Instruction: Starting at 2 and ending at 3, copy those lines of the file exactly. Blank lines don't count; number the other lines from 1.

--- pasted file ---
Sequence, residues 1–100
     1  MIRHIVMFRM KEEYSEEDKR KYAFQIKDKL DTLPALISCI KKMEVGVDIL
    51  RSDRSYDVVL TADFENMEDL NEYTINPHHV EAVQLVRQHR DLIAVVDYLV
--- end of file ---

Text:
     1  MIRHIVMFRM KEEYSEEDKR KYAFQIKDKL DTLPALISCI KKMEVGVDIL
    51  RSDRSYDVVL TADFENMEDL NEYTINPHHV EAVQLVRQHR DLIAVVDYLV